A8S0LUTE PRESSURE = GAUGE PRESSURE + ATMOSPHERIC PRESSURE ABSOLUTE PRESSURE » GAUGE PRESSURE + ATMOSPHERIC PRESSURE
= GAUGE PRESSURE + 14 7 -GAUGE PRESSURE + 14.7
NPSH = ABSOLUTE _ VAPOR _ LINE +DIFFERENCE NPSH m ABSOLUTE _ VAPOR _ LINE +DIFFERENCE
PRESSURE AVAILABLE PRESS1FT PRESS1FT LOSS,FT. ~ IN ELEV 1 FT. AVAILABLE PRESS..FT PRESS1FT LOSS,FT quot; IN ELEV, FT
WHERE PRESSURE IN FEET = (PRESSURE , PSIA) (2 31) AIR PRESSURE
(SPECIFIC GRAVITY) WEE P E S R , F E E T - ^ ^ . g
HR RSU E
52 2 PSIA
(N- BUTANE NPSH
0.5 PSIA AVAILABLE
NPSH AVAILABLE MUST NPSH AVAILABLE MUST
BE GREATER THAN BE GREATER THAN
LINE LOSS NPSH REQUIRED BY THE PUMP NPSH REQUIREDBY THE PUMP
Figure 9. NPSH calculation for liquid at boiling point. Figure 10. NPSH calculation for pressured drum.
D i f f . Head -
Efficiency - %
GPM X 1. 0 0 0
Figure 11. Effects of viscosity on centrifugal pump performance.
Viscous Correction Factors
Capacity - Head - Percent
Viscous Efficiency - Percent
(Not a correction Factor)
Impeller DIA - Inches
Water Capacity in 1000 GPM (at BEP)
Figure 12. Viscosity correction chart—capacities above 10,000GPM. Courtesy United Centrifugal Pumps.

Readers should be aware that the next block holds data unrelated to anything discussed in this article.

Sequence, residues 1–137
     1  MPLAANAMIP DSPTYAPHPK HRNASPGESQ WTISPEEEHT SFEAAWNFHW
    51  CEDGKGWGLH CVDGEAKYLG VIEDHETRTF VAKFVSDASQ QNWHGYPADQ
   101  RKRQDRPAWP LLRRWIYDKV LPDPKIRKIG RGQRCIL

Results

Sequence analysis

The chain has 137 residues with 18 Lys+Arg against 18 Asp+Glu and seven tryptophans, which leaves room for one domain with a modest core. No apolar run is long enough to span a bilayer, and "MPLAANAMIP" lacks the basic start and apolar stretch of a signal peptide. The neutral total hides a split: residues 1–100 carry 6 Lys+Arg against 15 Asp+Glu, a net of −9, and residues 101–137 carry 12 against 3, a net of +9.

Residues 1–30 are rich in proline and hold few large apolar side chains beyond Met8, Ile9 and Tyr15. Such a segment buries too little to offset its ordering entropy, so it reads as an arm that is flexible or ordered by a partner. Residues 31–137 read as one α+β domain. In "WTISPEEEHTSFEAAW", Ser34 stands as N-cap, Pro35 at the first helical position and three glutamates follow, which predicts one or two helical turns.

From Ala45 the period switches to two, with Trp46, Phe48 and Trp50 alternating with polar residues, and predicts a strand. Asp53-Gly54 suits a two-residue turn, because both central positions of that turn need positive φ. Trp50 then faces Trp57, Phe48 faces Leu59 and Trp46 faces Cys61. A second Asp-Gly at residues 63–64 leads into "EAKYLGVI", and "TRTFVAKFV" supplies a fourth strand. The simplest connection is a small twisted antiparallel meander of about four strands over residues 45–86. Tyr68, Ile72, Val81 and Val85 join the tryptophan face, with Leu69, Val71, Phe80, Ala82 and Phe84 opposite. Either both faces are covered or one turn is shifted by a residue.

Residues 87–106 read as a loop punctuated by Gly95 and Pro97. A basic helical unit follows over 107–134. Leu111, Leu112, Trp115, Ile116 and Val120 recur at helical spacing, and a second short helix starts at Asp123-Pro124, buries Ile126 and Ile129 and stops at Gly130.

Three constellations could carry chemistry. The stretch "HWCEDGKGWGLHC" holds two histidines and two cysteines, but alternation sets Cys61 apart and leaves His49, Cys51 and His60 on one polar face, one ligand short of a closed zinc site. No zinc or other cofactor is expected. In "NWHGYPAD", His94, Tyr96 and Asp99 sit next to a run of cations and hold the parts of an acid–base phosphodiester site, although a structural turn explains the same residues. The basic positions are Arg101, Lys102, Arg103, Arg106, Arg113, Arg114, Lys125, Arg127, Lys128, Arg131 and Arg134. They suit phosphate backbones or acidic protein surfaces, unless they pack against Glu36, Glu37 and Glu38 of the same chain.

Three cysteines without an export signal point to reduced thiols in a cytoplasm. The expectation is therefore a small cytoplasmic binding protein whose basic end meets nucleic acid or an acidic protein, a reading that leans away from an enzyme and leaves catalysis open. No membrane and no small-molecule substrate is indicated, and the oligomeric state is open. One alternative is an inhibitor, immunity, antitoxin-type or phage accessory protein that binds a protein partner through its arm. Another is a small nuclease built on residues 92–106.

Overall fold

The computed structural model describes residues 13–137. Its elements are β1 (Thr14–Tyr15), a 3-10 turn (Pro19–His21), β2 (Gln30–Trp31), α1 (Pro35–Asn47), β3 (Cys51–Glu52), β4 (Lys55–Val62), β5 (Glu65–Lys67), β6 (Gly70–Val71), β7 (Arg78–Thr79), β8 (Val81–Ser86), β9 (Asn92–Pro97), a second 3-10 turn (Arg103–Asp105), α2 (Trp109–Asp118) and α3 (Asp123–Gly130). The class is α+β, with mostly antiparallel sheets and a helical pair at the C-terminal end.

Capacity and Efficiency Head
Head in Feet (First Stage)
Capacity in 100 GPM
CORRECTION APPLIES TO PEAK EFFICIENCY ONLY. FOR OTHER CAP DRAW CORRECTED H.R
CURVE PARALLEL TO WATER H.R CURVE AND CALCULATE EFFICIENCIES BASED ON ASSUMED
HEAD - CAP CURVE. ADJUST AS REQUIRED TO OBTAIN A SMOOTH CURVE. USE CORRECTIONS
OBTAINED FOR MAXIMUM DIAMETER FOR CUT DIAMETERS.
Figure 13. Viscosity correction chart—capacities up to 10,000GPM. Courtesy United Centrifugal Pumps.
curve through this point. The viscous brake horsepower Figure 13 is used for pumps with capacities up to
is calculated at the bep (62% at 21,400 gpm). Draw 10,000 gpm, and Figure 12 is used for pumps with capacities
the viscous brake horsepower curve through this point. greater than 10,000 gpm.
The slope of the line will follow the slope of the water brake There may be instances where it is necessary to
horsepower curve. The viscous efficiency will be 62% at calculate the pump speed torque requirements to deter-
21,400 gpm, and the viscous efficiency curve may now be mine if the pump driver will be able to accelerate the
calculated using the viscous brake horsepower, viscous head pump to operating speed. Example 1 illustrates this
and capacity, and the viscous specific gravity, which in this calculation procedure, and the results are shown in
example is 0.9. Figure 14.
Speed torque calculation
The formula for calculating the speed-torque relation for a pump with a given specific gravity and viscosity is:
5 2 5 0 x H P
H (lb-ft.) =
The following data is required to plot the speed-torque curve:
2. HP @ Open Valve (use one of the following):
2a. HP @ 120% of peak capacity.
2b. HP rating of driver if greater than HP @ 120% of peak capacity.
2c. Depending on pump application maximum horsepower on performance curve which is greater than dri-
ver rated horsepower.
NOTE: Using quot;2a,quot; or quot;2bquot; will cover most of the applications. However on some applications quot;2cquot; must be
3. Pump RPM.
4. Torque @ Shutoff.
5. Torque @ quot;2a,quot; quot;2bquot; or quot;2cquot;.